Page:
We're in the middle of another crazy, late California harvest. Good but spotty are other themes that run through most of what you hear about California's harvest 2011. And on the horizon, the smaller crops in recent years could spell price increases. In areas where grapes are still hanging, harvest is winding down quickly and should be finished by next week, ahead of predictions of rain and cooler weather.
Harvest 2011 is ending up more labor than labor of love in most parts of California.
"What a crazy year," Helen Keplinger of Keplinger and Bryant Family Vineyard, both based in Napa Valley, wrote in an e-mail yesterday. "Indeed it has been very stressful and those rains were less than ideal, but not all has been lost and there will be good wines made this vintage."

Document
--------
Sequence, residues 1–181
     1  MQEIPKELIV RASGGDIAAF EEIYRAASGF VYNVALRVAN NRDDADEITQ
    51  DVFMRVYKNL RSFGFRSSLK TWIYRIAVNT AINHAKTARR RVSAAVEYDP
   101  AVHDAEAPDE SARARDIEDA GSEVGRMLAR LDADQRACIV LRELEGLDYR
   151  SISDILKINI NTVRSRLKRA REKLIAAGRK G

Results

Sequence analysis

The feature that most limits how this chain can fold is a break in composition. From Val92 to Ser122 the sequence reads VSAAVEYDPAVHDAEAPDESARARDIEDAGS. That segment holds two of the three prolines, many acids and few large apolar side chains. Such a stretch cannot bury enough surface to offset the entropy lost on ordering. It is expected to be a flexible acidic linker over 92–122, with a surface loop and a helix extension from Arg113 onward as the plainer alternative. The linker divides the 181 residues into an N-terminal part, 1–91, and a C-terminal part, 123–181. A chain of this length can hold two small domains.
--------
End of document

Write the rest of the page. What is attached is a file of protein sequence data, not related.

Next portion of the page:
There's been little movement in wine country real estate. Few vineyards or wineries have been sold for the same reasons the rest of the country's real estate market has been stuck. It's a terrible time to sell, and a difficult time to buy or borrow.
Case in point: The late Robert Mondavi's Napa Valley estate is being offered at a sealed-bid auction Nov. 16 in what amounts to a half-off sale. The 56-acre property where the famous vintner and his wife Margrit resided for years came on the market in 2010 for $25 million, then dropped to $20 million, and now a minimum bid of $13.9 million is the asking price.
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